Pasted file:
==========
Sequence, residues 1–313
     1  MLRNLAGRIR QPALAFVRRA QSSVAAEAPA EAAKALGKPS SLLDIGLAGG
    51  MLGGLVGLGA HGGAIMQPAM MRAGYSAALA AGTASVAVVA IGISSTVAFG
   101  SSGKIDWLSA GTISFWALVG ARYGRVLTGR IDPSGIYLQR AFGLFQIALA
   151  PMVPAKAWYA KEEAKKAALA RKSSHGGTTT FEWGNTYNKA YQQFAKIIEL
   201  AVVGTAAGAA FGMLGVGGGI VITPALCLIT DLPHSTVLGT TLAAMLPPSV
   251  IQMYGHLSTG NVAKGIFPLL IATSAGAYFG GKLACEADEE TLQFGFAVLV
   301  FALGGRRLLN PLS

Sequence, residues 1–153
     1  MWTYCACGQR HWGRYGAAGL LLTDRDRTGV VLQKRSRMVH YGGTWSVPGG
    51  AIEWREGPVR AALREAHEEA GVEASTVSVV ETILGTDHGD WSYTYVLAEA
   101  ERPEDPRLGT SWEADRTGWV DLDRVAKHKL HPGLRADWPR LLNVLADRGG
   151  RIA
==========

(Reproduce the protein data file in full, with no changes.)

Sequence, residues 1–313
     1  MLRNLAGRIR QPALAFVRRA QSSVAAEAPA EAAKALGKPS SLLDIGLAGG
    51  MLGGLVGLGA HGGAIMQPAM MRAGYSAALA AGTASVAVVA IGISSTVAFG
   101  SSGKIDWLSA GTISFWALVG ARYGRVLTGR IDPSGIYLQR AFGLFQIALA
   151  PMVPAKAWYA KEEAKKAALA RKSSHGGTTT FEWGNTYNKA YQQFAKIIEL
   201  AVVGTAAGAA FGMLGVGGGI VITPALCLIT DLPHSTVLGT TLAAMLPPSV
   251  IQMYGHLSTG NVAKGIFPLL IATSAGAYFG GKLACEADEE TLQFGFAVLV
   301  FALGGRRLLN PLS

Sequence, residues 1–153
     1  MWTYCACGQR HWGRYGAAGL LLTDRDRTGV VLQKRSRMVH YGGTWSVPGG
    51  AIEWREGPVR AALREAHEEA GVEASTVSVV ETILGTDHGD WSYTYVLAEA
   101  ERPEDPRLGT SWEADRTGWV DLDRVAKHKL HPGLRADWPR LLNVLADRGG
   151  RIA